This highly topical book explores the new technological environment we have created, and our adaptation to it, twenty-five years after the death of John Bowlby. In the space of just a couple of decades, the world has changed radically, and we are changing too: personal computers and smartphones mediate our lives, work, play, and love. Relationships of all kinds are now conducted through mobile phones, email, Skype and social network sites. Attachment theory is concerned with the impact of the external world on internal reality, where twenty-first century experiences encounter the powerful, primitive, and ancient instinct for attachment and survival. This book is written by psychotherapists whose practice, with individual adults and couples, is informed by attachment theory. It contains theoretical, observational, and clinical material, and will be relevant to all psychotherapists, psychoanalysts, counsellors, and psychologists interested in the profound impact of digital and communication technologies on human relationships.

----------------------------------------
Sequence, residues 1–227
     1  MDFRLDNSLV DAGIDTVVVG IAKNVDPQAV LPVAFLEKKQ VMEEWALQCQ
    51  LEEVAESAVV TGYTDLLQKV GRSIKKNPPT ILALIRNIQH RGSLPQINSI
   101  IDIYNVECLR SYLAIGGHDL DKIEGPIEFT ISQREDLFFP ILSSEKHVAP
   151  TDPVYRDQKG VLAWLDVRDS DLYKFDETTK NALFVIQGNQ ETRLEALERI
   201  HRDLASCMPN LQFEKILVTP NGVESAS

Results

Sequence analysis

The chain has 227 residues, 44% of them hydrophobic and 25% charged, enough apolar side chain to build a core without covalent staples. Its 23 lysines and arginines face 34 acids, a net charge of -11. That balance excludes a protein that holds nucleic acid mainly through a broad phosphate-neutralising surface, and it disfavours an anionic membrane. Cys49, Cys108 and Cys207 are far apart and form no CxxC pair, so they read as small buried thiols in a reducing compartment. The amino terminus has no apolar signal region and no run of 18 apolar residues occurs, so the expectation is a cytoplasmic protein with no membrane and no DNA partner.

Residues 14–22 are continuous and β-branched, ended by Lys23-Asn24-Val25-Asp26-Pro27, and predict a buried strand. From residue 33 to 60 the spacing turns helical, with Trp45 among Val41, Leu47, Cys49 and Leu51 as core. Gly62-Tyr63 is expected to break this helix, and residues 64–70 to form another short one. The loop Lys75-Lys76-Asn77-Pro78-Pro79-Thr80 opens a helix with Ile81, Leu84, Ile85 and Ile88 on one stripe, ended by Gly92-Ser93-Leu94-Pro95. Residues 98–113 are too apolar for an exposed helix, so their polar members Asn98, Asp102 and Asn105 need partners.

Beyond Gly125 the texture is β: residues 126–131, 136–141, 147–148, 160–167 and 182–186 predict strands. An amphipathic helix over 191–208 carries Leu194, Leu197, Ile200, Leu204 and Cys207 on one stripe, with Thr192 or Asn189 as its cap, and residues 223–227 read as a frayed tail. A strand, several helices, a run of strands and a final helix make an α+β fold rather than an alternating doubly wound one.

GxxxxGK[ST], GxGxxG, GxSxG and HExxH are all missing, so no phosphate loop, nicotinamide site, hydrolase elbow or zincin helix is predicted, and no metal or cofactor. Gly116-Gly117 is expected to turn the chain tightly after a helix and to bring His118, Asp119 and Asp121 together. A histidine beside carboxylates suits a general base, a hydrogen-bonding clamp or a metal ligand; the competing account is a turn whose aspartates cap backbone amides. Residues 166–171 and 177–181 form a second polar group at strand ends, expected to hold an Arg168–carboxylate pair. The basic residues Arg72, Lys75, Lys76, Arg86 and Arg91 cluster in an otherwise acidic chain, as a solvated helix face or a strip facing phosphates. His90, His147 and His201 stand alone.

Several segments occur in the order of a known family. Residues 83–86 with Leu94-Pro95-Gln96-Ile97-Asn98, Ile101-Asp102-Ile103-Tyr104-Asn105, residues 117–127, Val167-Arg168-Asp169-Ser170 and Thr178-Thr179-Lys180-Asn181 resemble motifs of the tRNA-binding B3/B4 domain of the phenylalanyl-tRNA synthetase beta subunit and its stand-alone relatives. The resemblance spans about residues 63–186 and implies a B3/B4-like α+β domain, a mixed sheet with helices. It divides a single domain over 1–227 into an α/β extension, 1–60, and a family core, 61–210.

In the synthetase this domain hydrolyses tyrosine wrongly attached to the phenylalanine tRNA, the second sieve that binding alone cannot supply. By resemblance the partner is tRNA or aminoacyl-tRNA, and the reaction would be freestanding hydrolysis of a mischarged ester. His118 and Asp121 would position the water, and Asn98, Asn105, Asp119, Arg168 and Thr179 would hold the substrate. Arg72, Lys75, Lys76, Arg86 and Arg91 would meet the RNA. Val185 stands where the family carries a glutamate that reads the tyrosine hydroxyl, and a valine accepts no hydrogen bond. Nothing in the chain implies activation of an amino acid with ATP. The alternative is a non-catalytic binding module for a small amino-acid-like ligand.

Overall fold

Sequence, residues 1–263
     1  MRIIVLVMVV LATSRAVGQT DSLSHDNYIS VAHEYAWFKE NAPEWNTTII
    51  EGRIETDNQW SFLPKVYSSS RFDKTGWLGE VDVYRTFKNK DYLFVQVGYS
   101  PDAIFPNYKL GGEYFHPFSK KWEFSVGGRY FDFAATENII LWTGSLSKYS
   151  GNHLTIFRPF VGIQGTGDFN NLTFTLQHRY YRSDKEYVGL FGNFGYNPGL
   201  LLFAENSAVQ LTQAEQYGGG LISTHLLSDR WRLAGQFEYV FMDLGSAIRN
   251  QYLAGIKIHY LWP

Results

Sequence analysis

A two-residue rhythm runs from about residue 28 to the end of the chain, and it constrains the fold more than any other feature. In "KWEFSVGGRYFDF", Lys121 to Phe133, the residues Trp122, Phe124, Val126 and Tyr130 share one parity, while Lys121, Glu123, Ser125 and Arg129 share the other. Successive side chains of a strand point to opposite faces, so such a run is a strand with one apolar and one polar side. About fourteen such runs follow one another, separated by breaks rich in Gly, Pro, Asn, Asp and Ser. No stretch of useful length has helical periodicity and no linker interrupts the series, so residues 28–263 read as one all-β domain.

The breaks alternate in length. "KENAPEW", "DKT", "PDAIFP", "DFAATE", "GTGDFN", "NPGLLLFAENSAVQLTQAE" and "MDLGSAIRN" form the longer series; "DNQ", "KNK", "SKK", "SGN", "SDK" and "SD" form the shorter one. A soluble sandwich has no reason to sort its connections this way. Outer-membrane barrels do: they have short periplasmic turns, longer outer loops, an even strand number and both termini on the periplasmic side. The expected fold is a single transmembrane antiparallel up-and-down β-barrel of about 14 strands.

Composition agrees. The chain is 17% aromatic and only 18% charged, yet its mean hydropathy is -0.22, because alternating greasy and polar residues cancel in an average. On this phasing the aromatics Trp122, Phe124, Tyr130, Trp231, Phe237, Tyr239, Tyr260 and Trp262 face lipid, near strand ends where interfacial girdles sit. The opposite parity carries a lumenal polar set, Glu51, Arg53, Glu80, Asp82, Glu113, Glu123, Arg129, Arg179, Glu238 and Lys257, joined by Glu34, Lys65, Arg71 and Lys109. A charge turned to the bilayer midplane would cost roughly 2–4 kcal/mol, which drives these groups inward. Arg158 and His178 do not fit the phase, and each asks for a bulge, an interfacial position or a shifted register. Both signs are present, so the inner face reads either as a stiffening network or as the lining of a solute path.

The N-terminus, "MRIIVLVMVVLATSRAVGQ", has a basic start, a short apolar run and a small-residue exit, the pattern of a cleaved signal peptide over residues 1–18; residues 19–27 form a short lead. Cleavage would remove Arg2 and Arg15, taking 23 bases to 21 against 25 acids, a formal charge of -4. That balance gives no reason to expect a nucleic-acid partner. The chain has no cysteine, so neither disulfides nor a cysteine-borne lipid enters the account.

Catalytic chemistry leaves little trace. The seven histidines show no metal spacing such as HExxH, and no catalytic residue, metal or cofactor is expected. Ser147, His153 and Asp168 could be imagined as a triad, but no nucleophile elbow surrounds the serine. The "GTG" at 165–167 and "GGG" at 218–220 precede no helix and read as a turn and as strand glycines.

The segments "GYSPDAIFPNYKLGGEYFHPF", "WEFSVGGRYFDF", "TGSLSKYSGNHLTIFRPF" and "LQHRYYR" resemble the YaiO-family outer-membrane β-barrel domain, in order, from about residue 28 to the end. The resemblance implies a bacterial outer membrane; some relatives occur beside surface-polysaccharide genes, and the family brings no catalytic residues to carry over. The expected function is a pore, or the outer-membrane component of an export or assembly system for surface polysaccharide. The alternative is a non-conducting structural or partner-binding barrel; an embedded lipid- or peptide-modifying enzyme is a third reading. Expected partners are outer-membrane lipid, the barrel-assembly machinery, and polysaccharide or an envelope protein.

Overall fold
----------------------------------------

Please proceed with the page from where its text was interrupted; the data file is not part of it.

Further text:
COVER; CONTENTS; ACKNOWLEDGEMENTS; ABOUT THE EDITOR AND CONTRIBUTORS; INTRODUCTION Looking back and looking forward; CHAPTER ONE Attachment, self-experience, and communication technology: love in the age of the Internet; CHAPTER TWO A tangled web: Internet pornography, sexual addiction, and the erosion of attachment; CHAPTER THREE Net gains and losses: digital technology and the couple; CHAPTER FOUR Desire and memory: the impact of Internet pornography on the couple relationship, and processing of early trauma in therapy; CHAPTER FIVE Surviving as a psychotherapist in the twenty-first century CHAPTER SIX The use of telephone and Skype in psychotherapy: reflections of an attachment therapist CHAPTER SEVEN Finding words: the use of email in psychotherapy with a disorganised and dissociating client; CHAPTER EIGHT The ethereal m/other; CHAPTER NINE It takes a village: co-creation of community in the digital age; INDEX
Description based upon print version of record. Includes bibliographical references at the end of each chapters and index. Description based on online resource; title from PDF title page (ebrary, viewed December 16, 2014).